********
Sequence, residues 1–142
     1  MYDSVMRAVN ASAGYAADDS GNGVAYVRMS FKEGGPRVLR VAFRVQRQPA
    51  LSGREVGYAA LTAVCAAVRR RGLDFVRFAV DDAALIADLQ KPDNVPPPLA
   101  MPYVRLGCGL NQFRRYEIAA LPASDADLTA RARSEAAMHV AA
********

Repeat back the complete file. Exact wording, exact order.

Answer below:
Sequence, residues 1–142
     1  MYDSVMRAVN ASAGYAADDS GNGVAYVRMS FKEGGPRVLR VAFRVQRQPA
    51  LSGREVGYAA LTAVCAAVRR RGLDFVRFAV DDAALIADLQ KPDNVPPPLA
   101  MPYVRLGCGL NQFRRYEIAA LPASDADLTA RARSEAAMHV AA